America and its growing history of incompetence in failed state building in foreign lands is like a father uprooting and leaving babies he is no longer willing to care for. Afghanistan is the United States’ current example of the “Papa was a rolling stone” analogy. Before that we had South Sudan, another failed U.S. nation state building venture. And to continue with the rhythm and blues group The Temptations analogy, “Wherever he (America) laid his head was his home/And when he died, all he left us was alone.”
This history of packing up and leaving troubled, war torn nations to fend for themselves is part of America’s history of making false promises—and it helps feed anti-U.S. sentiment. It’s also the U.S. hidden-in-plain-sight inability to act on foreign soil without leaving death, destruction, incompetence and lack of infrastructure in its wake.
July 8, 2021, marked South Sudan’s 10th year of independence. The world’s newest country seceded from Sudan and attained full independence on July 9, 2011, ending a protracted civil war. Yet, according to the U.K.-based standard, “to say South Sudan’s independence ended the internecine war is to err. It simply transferred it to the new nation.
Ideological differences between (the fedora wearing) President Salva Kiir and Vice President Riek Machar resulted in Machar being fired in 2013. What followed was ethnic strife between the Dinka and Neur tribes that has left the country devastated. Over three million South Sudanese were displaced while over 300,000 lost their lives.”
U.S. President Barack Obama said the 2011 referendum on dividing what was then Africa’s largest country was a “new chapter in history.”
Mr. Obama said the decisions of Sudan’s leaders would determine whether its people would move “toward peace and prosperity, or slide backwards into bloodshed.”
Susan Page was South Sudan’s first U.S. ambassador.
According to a recent interview published in thenationalnews.com, she had seen warning signs of some of the issues South Sudan would face during the U.S. development of the Comprehensive Peace Agreement in the early 2000s.
The agreement ended a 22-year civil war with northern Sudan and outlined a path to a referendum on forming a separate nation six years later. But the former U.S. ambassador wasn’t confident the peace agreement would hold long enough for the South to make it to the vote.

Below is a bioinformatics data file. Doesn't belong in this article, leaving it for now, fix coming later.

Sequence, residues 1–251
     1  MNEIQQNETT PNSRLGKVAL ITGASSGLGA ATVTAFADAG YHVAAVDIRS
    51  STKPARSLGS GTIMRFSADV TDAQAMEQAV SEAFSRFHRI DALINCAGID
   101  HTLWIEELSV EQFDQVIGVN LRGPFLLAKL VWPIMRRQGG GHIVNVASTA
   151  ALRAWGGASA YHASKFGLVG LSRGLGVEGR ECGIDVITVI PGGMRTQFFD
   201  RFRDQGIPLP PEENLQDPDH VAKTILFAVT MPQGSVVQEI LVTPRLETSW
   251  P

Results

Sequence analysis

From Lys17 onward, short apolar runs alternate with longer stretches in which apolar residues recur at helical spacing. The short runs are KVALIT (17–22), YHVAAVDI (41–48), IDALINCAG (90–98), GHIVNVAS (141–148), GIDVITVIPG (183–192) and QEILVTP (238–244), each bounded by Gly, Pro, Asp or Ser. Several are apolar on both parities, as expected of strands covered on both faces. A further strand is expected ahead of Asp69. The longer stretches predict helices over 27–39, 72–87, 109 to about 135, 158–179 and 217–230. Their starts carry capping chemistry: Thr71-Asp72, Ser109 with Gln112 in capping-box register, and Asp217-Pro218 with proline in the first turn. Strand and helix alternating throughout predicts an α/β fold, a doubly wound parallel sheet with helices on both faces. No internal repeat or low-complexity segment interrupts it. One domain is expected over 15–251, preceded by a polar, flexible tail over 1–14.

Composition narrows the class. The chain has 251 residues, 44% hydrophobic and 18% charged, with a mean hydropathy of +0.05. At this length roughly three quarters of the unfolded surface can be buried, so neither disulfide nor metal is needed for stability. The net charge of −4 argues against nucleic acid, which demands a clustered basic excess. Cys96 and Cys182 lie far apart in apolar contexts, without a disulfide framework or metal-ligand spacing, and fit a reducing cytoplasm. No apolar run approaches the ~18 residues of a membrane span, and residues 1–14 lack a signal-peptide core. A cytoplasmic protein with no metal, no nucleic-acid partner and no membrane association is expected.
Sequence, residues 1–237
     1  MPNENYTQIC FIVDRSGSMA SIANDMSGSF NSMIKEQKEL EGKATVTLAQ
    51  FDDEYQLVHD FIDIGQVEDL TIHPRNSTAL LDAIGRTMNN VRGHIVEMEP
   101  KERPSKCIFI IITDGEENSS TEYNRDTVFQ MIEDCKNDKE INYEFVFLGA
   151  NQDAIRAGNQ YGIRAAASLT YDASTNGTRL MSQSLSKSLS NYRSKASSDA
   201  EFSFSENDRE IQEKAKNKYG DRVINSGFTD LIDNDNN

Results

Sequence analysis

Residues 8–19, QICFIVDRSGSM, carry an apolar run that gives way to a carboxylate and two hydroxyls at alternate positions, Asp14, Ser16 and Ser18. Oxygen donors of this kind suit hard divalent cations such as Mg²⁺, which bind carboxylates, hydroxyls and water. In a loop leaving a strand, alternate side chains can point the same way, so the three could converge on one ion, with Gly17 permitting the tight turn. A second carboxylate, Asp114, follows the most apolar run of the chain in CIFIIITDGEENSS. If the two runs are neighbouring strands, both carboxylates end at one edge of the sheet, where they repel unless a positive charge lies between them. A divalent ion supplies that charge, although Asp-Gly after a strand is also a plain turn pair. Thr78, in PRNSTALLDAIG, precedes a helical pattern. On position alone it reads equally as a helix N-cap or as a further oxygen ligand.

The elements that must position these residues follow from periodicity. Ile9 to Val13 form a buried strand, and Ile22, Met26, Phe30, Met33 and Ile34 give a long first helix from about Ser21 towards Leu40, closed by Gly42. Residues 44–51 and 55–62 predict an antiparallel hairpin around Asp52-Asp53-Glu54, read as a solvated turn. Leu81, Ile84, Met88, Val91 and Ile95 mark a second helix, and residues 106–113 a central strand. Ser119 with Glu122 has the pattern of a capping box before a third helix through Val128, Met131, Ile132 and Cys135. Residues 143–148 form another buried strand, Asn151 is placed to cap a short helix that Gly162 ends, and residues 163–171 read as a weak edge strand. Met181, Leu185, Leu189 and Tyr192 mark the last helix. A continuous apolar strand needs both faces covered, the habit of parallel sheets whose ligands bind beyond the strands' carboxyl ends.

“I was pretty skeptical that they would actually get to the referendum,” Ms. Page said.
She knew the players, problems and quickly realized that even if the referendum took place, it would not be a panacea.
“I had witnessed the parties, the southerners in particular, during meetings, for instance, with the assessment and evaluation commission, and just how woefully underprepared they were,” Ms. Page said.
“The South had been neglected for decades. On top of establishing a government and state institutions necessary for any country, it had to build infrastructure, procure electricity and deal with the long established divides between its various sects and tribes,” observed thenationalnews.com.
State Department and U.S. Agency for International Development officials, as well as senior congressional staff and former senior officials, participated in a significant event in 2018. Some had devoted decades of their careers to work on South Sudan. The event was hosted by the Atlantic Council, a Washington-based think tank, according to Foreign Policy magazine.
“There are people who have worked on South Sudan for decades,” said Joshua Meservey, an Africa expert at the Heritage Foundation. “They poured their professional lives into the Sudan and southern Sudan conflict, and South Sudanese independence was seen as this extraordinarily hopeful moment. For it to go so spectacularly wrong so quickly was a very disillusioning moment for these people.”
The parting of ways appears to have been in 2018 as the Americans, at the Atlantic Council meeting, scoffed at and castigated Taban Deng Gai, the first vice president of South Sudan, as he tried to assure them without success that the latest peace plan among Southerners would stick.
UNICEF warned of problems ahead of the 10th anniversary of the country’s independence. In a report on the impact of the humanitarian crisis on children, UNICEF said hopes that independence would bring a new dawn for the country’s children had faded. Bouts of violence and conflict, recurring floods, droughts and other extreme weather events fueled by climate change, and a deepening economic crisis have led to extremely high food insecurity, and one of the world’s worst humanitarian crises. A peace agreement, which has only partially been implemented, has so far failed to remedy challenges facing the country’s children and young people.
And if their history is an indicator, President Kiir, wearing his gifted by President Bush fedora, and Vice Pres Machar will revive their ongoing animosity and be back at each other’s throats in no matter of time.
But why divide the country in two in the first place, other than to squash the Islamic north and rob them of access to Southern Sudan’s natural resources? There were problems, but a relationship between the Northern Sudan and its infrastructure, including a pipeline for oil and ports for shipping, and the landlocked South with its natural resources represented a natural marriage. Until a no-good man personified by the U.S. destroyed that potentially mutually beneficial bond.
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